Untold lives blog

13 posts from June 2015

30 June 2015

Break of service

As Wimbledon fortnight swings into action, spare a thought for poor Thomas Tomkins who died at Madras in 1834 because of tennis.

The Madras Club was founded in 1832.  800 members had enrolled by the time of the second general meeting of subscribers in April of that year.  They were exclusively male, drawn from civil servants; officers of the East India Company and His Majesty’s Armies; officers of the Medical Department; members of the legal profession and the clergy.  The Club Committee set to work to adapt a house and grounds near the Mount Road to meet its requirements: bedrooms, two billiard rooms and a racquet court.  There was also a smoking-room: at that time smoking was not allowed in the club house and bedrooms.  This rule however proved hard to enforce.

By October 1832, the Club had over 1,200 members and a large amount of subscription money in the kitty.  Commenting that ‘the game of Rackets can only be played in this country at stated hours in the morning and evening’, the Committee decided to build a covered tennis court at a cost of 15,000 rupees.  A skilled man would be brought from England to superintend the construction and then act as marker.  He would be paid a salary of 150 rupees per month plus 500 rupees for his passage.

Drawing of man playing tennis

Illustration by Richard Caulfield Orpen for Fitzwilliam Square. A lawn tennis lay by F.W. (1885) Public Domain Creative Commons Licence


In July 1833, the East India Company Court of Directors in London granted permission to Thomas Tomkins to proceed to Madras ‘for the purpose of being employed as a marker in the tennis court about to be established there’.  Tomkins sailed out to Madras, but by the time he arrived the Committee had changed its plans. Instead of a tennis court, it was decided on reflection to install a large swimming bath and a set of private hot, cold, and steam baths.  A tennis court was expensive, and the marker an additional cost. Moreover if the marker’s health suffered from the climate in Madras, ‘the amusement from the game would be liable to much interruption’.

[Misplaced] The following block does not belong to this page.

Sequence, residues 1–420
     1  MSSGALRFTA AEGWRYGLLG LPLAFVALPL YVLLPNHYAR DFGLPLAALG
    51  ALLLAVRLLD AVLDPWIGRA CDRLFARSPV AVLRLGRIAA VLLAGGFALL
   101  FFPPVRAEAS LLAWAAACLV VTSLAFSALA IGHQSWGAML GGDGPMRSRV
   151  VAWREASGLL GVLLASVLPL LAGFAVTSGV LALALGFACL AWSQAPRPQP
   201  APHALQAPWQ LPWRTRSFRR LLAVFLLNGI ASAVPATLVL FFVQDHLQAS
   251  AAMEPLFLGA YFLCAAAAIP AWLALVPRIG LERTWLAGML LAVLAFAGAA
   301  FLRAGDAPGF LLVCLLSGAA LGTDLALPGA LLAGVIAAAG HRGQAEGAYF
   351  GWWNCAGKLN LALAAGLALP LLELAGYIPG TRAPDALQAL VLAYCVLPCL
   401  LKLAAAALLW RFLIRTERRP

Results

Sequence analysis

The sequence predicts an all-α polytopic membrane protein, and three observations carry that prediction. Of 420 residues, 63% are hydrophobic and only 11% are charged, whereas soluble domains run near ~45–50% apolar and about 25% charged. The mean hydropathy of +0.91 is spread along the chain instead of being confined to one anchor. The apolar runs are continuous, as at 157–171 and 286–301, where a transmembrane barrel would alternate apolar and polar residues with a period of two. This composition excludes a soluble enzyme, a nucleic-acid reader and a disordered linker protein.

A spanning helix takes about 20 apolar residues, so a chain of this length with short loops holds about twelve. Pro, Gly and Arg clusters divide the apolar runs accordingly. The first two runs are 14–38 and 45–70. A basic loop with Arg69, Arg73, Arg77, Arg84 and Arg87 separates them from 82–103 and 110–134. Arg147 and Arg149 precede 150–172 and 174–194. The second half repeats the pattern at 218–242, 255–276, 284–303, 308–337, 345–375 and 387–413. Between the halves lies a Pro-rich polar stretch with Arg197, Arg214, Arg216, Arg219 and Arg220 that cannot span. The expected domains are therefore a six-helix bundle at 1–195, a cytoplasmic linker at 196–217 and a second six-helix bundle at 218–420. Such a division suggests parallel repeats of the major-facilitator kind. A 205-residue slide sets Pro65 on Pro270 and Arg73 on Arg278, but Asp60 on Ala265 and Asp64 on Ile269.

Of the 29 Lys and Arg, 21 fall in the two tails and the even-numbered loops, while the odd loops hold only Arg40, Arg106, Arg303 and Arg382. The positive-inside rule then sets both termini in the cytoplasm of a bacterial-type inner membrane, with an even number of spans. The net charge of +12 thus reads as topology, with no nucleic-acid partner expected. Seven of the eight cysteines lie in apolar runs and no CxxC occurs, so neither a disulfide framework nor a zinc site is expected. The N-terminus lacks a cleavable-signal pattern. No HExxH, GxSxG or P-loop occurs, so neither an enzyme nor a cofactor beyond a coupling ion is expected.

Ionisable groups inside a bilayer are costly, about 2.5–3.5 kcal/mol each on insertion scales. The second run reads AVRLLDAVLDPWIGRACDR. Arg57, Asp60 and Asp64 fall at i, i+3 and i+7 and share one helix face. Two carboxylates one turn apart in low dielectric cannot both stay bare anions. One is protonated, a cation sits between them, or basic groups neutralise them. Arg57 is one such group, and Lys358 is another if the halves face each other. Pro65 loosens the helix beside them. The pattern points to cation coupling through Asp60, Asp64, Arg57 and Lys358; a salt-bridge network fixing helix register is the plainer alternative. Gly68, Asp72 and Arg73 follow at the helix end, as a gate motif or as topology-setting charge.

Thomas Tomkins described himself as being ‘employed at the Club House’ when he married widow Sarah Thomas at Vepery Church on 7 March 1834.  His return to England was planned, with the Club paying for his passage.  Sadly the Committee’s apprehension about his state of health proved only too accurate and Tomkins died in September 1834 at the age of 30.  He was buried at St Mary’s Church Madras and the Committee paid his funeral expenses.

Plans for the swimming pool also fell through and it was 20 years before a bath was built at the Club.  The first court for lawn tennis was laid down in 1876 and the sport became a permanent feature for members.

Margaret Makepeace
Lead Curator, East India Company Records 

Further reading:
H D Love, Short Historical Notice of the Madras Club (Madras, 1902)
IOR/B/186 pp.418-419 Minutes of East India Company Court of Directors, 17 July 1833
IOR/E/943 p.536 Public Letter No.37 of 1833 to Madras

26 June 2015

ABBA’s Waterloo at the Prince Regent’s Stables

1974 saw ABBA win the Eurovision Song Contest for Sweden with their song ‘Waterloo’, one of the best remembered entries from the show’s long history which quickly catapulted the group to international fame. But how many of us watching the live broadcast over four decades ago realised that Agnetha, Björn, Benny and Anni-Frid were performing in a space once graced by royal stallions?

ABBA winning the Eurovision Song Contest in 1974

ABBA winning the Eurovision Song Contest in 1974 courtesy of YouTube


In Eurovision land, the winning country hosts the following year’s competition. Having won two years in a row, diminutive Luxembourg was in a fix and so Britain stepped in. Rather than hosting the show in London, the BBC chose one of the largest concert halls on the south coast, The Dome in Brighton.

Brighton Dome

The Dome at Brighton today Public Domain Creative Commons Licence


This yellow brick edifice with minarets and an impressive 24 metre cast iron dome was constructed in 1804-8 for George, Prince of Wales (soon to become Prince Regent, and later King George IV). The building’s ‘Indian-Saracenic’ design, created by William Porden (ca. 1755-1822), pre-dates that of the neighbouring Royal Pavilion as we know it today, which at the time comprised only a smaller neo-classical structure. The purpose of Porden’s monumental creation was as stabling for the prince’s horses, with an adjacent hall – now the city’s Corn Exchange – acting as a riding school. The stage where ABBA sang was built inside the circular stables where up to 60 royal horses were once housed and groomed. The balconies from which Europe’s television broadcasters provided their live commentary held accommodation for stable-boys.